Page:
Mercedes EQC review
A decent all-round premium electric SUV, the Mercedes EQC has become overshadowed by more up-to-date arrivals in the class
- Supremely quiet and comfortable
- Striking interior styling
- High-tech infotainment
- Jaguar I-Pace handles better
- Audi e-tron is more practical
- Divisive styling
Wallbox charge time
Rapid charge time
12hrs 45mins (0-100%, 7.4kW)
40mins (10-80%, 110kW)
Mercedes EQC verdict
It’s amazing how quickly things progress; in just a few years the Mercedes EQC has gone from technological EV flagship to compromised also-ran. It’s still supremely quiet and comfortable, and the in-car tech is extensive and easy to use, but it feels heavy and isn’t particularly efficient. Newer rivals with more range make greater sense in the current market.
Range details, specs and alternatives
The Mercedes EQC is a large, luxurious electric SUV that kicked off a wave of new electric models from the German brand. It has a number of strong rivals, including the recently-updated Audi Q8 e-tron, as well as the Tesla Model X, Jaguar I-Pace and BMW iX, plus the new Polestar 3 that’s arriving later this year. The EQC is one SUV not really designed for off-road adventures, but instead refined and comfortable transport with no tailpipe emissions.
Unlike its rivals, which offer multiple battery and motor combinations, the EQC is only available with one powertrain layout. Every car comes with a pair of electric motors – one driving each axle for a combined 402bhp – plus an 80kWh battery good for an official driving range of 254 miles in ideal conditions. Unfortunately, while the range isn’t that impressive, neither are the EQC’s rapid charging speeds; a 110kW maximum (10-80% in 40 minutes) is somewhat off the pace these days.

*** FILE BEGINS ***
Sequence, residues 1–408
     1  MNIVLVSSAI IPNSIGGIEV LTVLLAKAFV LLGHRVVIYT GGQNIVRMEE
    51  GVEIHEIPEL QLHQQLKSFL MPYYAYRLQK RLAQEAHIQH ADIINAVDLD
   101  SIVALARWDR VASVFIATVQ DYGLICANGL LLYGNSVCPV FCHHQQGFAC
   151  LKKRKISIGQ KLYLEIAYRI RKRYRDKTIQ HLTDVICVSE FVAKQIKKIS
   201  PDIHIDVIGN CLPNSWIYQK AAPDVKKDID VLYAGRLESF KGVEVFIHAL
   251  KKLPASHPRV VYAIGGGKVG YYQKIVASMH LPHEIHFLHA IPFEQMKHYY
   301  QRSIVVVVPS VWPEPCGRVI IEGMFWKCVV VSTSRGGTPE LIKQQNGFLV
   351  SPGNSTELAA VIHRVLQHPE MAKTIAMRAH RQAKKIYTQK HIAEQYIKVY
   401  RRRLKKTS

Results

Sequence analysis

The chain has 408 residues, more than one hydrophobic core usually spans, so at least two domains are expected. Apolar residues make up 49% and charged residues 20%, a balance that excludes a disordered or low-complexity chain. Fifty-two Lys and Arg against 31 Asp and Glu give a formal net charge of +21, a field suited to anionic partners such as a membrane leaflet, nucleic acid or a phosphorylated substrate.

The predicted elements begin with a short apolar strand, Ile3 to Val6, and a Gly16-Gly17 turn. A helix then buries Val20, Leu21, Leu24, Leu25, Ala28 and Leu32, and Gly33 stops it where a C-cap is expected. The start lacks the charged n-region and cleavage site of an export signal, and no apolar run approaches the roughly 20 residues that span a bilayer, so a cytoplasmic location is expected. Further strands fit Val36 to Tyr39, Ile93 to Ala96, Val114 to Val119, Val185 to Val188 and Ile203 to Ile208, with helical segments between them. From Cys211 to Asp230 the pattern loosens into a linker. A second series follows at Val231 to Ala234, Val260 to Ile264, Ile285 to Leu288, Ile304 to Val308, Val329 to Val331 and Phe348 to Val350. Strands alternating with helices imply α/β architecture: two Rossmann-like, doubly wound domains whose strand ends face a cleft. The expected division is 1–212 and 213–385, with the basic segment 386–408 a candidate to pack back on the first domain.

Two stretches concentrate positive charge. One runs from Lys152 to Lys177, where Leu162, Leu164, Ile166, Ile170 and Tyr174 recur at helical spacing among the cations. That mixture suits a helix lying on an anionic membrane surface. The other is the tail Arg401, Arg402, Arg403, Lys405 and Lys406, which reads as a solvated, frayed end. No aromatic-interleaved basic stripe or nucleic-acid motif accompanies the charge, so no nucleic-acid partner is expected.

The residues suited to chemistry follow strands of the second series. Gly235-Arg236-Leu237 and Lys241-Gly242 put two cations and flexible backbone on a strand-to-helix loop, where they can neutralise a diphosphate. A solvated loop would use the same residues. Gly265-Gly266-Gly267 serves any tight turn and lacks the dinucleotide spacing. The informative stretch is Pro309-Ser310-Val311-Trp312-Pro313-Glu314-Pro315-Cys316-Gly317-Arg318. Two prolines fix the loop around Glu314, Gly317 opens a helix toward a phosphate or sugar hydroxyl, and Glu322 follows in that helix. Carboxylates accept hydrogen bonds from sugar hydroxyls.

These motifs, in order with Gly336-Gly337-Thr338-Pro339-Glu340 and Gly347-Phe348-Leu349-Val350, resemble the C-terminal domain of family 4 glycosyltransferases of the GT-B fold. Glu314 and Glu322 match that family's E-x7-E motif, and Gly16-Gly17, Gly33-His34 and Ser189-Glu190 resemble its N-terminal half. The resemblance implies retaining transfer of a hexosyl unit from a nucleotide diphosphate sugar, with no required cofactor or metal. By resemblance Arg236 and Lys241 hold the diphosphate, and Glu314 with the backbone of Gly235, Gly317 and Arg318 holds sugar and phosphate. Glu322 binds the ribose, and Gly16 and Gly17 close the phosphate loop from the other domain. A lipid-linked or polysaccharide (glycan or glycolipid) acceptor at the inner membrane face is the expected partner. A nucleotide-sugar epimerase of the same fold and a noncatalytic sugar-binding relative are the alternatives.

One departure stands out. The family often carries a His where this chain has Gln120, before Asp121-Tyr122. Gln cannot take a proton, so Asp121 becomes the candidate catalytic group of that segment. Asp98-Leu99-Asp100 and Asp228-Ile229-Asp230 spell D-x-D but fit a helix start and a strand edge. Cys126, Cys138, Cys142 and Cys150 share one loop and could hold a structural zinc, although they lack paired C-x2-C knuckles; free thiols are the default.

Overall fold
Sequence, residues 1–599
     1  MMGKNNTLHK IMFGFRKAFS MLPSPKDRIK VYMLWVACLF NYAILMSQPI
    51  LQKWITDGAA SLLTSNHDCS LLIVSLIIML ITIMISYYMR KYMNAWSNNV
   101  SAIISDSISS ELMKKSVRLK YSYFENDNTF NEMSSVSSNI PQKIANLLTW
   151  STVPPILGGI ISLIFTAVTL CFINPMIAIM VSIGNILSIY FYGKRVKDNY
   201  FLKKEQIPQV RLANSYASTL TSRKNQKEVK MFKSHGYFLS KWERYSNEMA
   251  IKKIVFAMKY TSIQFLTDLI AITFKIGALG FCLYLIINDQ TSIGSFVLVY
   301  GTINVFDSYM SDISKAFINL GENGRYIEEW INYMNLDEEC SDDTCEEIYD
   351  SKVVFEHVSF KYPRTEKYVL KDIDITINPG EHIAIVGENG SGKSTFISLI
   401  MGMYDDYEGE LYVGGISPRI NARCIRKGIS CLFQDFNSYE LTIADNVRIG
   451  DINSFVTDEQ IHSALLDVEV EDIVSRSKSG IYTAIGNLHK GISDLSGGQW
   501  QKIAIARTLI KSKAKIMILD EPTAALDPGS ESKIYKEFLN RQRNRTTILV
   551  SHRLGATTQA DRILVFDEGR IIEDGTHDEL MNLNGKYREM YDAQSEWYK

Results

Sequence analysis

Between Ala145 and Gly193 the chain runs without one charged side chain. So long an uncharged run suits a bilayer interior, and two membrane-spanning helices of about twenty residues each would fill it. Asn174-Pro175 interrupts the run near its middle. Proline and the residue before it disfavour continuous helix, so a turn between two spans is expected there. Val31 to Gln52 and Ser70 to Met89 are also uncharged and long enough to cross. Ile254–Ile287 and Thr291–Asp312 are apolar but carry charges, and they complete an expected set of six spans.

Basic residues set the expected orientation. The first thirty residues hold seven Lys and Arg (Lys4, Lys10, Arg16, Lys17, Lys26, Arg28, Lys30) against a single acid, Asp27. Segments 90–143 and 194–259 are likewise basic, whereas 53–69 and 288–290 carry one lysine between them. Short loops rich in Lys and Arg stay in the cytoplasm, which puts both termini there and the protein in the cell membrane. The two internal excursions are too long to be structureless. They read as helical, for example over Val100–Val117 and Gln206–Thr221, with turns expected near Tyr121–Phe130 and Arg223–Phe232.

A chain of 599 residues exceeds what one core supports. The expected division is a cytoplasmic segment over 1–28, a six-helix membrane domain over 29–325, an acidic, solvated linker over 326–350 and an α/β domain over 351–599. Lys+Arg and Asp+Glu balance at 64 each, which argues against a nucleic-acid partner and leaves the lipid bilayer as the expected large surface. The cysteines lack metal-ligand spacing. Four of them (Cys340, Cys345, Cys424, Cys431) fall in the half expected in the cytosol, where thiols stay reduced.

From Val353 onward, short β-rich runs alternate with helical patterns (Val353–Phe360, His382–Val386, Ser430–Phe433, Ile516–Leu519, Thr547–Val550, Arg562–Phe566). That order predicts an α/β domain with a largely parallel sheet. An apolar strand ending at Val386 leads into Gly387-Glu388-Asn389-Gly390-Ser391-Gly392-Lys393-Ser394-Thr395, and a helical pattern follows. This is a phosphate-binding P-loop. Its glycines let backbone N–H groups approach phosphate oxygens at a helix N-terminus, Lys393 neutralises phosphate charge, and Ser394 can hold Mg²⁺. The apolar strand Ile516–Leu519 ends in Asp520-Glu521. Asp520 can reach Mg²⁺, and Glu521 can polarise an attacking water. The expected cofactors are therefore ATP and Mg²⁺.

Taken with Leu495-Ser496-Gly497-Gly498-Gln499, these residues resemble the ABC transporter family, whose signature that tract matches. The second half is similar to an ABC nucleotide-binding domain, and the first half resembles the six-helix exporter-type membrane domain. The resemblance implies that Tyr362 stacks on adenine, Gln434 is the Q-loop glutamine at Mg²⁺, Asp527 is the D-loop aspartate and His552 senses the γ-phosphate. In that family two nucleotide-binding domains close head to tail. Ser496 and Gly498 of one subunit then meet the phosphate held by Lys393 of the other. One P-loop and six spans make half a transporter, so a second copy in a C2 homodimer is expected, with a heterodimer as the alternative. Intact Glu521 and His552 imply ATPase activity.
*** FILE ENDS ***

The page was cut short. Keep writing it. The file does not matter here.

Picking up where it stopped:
In terms of specs, there are a few options to choose from. As of July 2022, the entry-level Sport version has been dropped, with the range now starting with popular AMG Line trim. This model gets 20-inch wheels, self-levelling air suspension, front and rear LED lights, keyless go, heated seats and Merc’s dual-screen infotainment system. Prices start from just under £75,000 – a good chunk more than the recently revised Audi Q8 e-tron.
Moving up through the range there are the familiar AMG Line Premium and AMG Line Premium Plus trims – each seen as individual specs rather than option packs. Frustratingly, you’ll need to step up to the mid-range trim (roughly an extra £4,500) to get Apple CarPlay and Android Auto, despite this tech being standard on many sub-£20k superminis.
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In This Review
- 1Verdict - currently readingA decent all-round premium electric SUV, the Mercedes EQC has become overshadowed by more up-to-date arrivals in the class
- 2Range, battery & chargingFour years since it launched, the Mercedes EQC has lost its competitive edge; many rivals will now go further on a charge
- 3Running costs & insuranceMercedes has dropped the entry-level Sport trim, and while that means every model gets extra kit, starting prices are high
- 4Performance, motor & driveThe Mercedes EQC has a different character to any of its rivals: it majors on comfort more than fun
- 5Interior, dashboard & infotainmentThe Mercedes EQC has a striking interior focused on an impressive infotainment system, plus generous standard equipment
- 6Boot space, seating & practicalityThe Mercedes EQC is a satisfactory family car, but isn't as roomy as the larger Audi Q8 e-tron or Tesla Model X
- 7Reliability & safety ratingThe Mercedes EQC did very well in independent Euro NCAP crash-testing, scoring the maximum five-star result
- 8Living with itWe spend a couple of months living with the Mercedes EQC to find out of the world's oldest carmaker's first serious electric effort can justify its hefty price tag